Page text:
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 >
Date:           Friday, 23 May 97 23:44:12 EDT
Subject:        Re: SHAKSPER Digest - 21 May 1997 to 22 May 1997

Replay to Harry Hill:

Oops.  Not fair, Harry.  Your complaint about actors who fail to
acrobatically turn quick-as-thought through the possibilities of a line
or phrase ain't properly blamed on "Method."  It's just a serious
problem among all performers (and much of the rest of us human beings,
too).  Those dramatic turns require energy  and attention.  Exquisite
sensitivity and intelligence.  Experience.  Respect for the material.
Bad acting, or a bad patch by a good actor, slides monotonic ally across
the hills and valleys.  Remember Brannaaugh's aria in HAMLET just before
the intermission.  That's called bulldozing in the landscaping trade; a
heavy mechanical shaping of something that once had lots of fine little
details worthy of exclamation and delight.  Ah, well.

Remembering on memorial day,   SteveBulldozerwitz

[5]-------------------------------------------------------------
From:           Ben Schneider <
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Date:           Saturday, 24 May 1997 11:25:05 +0000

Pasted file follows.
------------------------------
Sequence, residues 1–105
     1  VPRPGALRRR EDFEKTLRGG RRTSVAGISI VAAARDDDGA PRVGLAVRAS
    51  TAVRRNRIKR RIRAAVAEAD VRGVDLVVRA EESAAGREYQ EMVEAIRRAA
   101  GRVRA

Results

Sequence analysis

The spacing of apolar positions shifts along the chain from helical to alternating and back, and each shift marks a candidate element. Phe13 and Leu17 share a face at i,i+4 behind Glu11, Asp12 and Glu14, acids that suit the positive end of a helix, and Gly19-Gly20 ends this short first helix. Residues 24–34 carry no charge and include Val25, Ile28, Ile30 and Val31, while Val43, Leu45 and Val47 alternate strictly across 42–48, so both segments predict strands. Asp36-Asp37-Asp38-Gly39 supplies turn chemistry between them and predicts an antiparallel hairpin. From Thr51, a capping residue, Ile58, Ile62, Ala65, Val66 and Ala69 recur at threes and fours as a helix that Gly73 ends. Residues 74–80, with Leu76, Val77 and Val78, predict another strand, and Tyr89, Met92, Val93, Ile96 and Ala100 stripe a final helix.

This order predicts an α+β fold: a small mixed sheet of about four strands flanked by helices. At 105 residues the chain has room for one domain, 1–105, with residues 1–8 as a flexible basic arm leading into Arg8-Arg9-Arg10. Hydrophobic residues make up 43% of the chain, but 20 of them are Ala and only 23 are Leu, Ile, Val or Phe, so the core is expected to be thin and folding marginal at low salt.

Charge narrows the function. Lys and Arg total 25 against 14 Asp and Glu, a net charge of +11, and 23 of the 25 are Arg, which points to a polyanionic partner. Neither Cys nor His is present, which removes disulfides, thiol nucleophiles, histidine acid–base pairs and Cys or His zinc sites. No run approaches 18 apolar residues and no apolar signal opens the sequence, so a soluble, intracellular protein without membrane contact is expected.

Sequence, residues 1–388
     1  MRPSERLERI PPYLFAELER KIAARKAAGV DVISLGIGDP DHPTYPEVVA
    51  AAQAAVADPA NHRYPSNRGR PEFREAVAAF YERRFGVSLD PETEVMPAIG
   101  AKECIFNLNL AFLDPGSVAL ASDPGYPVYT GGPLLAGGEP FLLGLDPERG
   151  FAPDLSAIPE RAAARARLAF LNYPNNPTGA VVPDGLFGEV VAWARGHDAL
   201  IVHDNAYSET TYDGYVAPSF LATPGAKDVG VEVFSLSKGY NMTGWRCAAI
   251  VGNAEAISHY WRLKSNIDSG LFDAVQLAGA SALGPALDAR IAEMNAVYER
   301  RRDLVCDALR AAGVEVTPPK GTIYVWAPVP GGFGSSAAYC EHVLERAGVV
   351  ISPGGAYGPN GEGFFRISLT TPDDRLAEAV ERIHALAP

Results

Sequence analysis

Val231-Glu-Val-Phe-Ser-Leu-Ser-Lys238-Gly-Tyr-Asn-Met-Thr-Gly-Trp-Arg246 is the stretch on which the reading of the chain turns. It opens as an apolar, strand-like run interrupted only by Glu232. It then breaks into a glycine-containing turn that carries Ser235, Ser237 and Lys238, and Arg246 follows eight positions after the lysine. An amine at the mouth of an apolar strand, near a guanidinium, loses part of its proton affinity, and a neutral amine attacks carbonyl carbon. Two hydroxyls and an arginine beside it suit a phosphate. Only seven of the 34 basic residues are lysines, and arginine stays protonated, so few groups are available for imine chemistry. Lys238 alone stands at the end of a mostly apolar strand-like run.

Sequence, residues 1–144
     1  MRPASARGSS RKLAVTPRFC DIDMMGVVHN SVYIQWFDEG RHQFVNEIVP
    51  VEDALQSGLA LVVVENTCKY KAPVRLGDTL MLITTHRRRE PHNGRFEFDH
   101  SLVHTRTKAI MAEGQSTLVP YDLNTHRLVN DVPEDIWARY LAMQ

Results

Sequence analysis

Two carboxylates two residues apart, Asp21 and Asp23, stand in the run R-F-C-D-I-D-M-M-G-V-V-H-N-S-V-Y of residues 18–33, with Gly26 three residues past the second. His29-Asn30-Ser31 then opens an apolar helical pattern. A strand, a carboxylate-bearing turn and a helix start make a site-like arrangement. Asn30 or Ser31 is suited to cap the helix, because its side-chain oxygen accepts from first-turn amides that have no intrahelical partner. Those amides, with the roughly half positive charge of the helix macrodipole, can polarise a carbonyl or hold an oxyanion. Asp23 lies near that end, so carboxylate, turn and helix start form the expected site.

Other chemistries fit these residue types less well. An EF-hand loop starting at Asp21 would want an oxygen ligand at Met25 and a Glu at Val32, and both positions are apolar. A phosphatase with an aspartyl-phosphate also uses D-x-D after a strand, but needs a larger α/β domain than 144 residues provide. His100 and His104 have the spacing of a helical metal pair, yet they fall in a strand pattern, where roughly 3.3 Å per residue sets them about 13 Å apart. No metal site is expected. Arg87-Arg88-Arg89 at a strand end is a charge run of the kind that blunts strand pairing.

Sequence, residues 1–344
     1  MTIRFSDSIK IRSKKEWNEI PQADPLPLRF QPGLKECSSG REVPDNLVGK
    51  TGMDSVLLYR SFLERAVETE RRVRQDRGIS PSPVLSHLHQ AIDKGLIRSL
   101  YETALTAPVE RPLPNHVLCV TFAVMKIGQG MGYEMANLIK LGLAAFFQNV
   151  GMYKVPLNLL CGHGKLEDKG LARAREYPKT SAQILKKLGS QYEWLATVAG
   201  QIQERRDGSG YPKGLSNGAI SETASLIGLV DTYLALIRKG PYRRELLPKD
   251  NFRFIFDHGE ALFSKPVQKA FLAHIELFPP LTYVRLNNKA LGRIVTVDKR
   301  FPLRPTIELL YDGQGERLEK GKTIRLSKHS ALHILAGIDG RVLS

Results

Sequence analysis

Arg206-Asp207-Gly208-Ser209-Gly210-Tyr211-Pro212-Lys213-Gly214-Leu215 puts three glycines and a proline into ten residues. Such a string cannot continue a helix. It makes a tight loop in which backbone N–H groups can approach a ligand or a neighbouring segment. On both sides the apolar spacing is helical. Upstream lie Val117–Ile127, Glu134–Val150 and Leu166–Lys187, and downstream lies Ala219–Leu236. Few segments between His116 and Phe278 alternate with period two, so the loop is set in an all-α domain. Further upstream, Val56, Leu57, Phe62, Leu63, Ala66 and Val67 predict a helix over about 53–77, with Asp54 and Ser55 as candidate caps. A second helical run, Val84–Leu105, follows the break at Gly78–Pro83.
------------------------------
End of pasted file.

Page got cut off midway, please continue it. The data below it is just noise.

Subject:        Stoic Shakespeare

Dear Ron Ward,

Thank you so very much for your good question concerning my hypothesis
that Shakespeare was a Stoic.  The questions are particularly helpful
because they point out lapses in my argument
that I need to deal with.  I take up your questions one by one.

Q. Can we assume any stereotype of Elizabethan morality will be
relevant?

A.  No, not without evidence, but the stereotype of _gentleman_  must
have dominated.  In conscious opposition to _gentleman_, _Puritan_ was
also available, but _Puritan_ was certainly not Shakespeare's cup of
tea.  Some have advocated skepticism, pointing to Montaigne's doubts and
S's practice in _Lear_.  Montaigne went through a skeptic phase, but he
also came down hard, page after page, in favor of Stoic values.  A
person can easily be a skeptic and a Stoic at the same time:  look at
Hemingway.

Q.  Are we of the opinion that S's "morality" followed or even addressed
stereotypes of the day?

A. There's no way a playwright who wants to be successful can avoid
following or addressing a moral stereotype.  Shunning bad reviews,
playwrights generally avoid presenting behavior or ideas
that might dismay the critics.  They seek to please the tastemakers.  In
Shakespeare's time, I argue, the literate gentry called the tune.  In
New York today the liberal intelligentsia call the tune.  If I may be
permitted to use the term without incurring its judgmental connotations,
it is not likely that any "politically incorrect" play will ever succeed
on Broadway.  Nor would any at Shakespeare's Globe.  What was
politically correct at the Globe?  Stoicism.

Q.  Do we distinguish between social morality (defined by human law and
custom) and an absolute morality which some believe lies above that?

A.  In choosing Stoicism, I don't have to worry about a conflict between
divine law and mortal custom.  Shakespeare's well-documented emphasis on
the secular probably occurs because the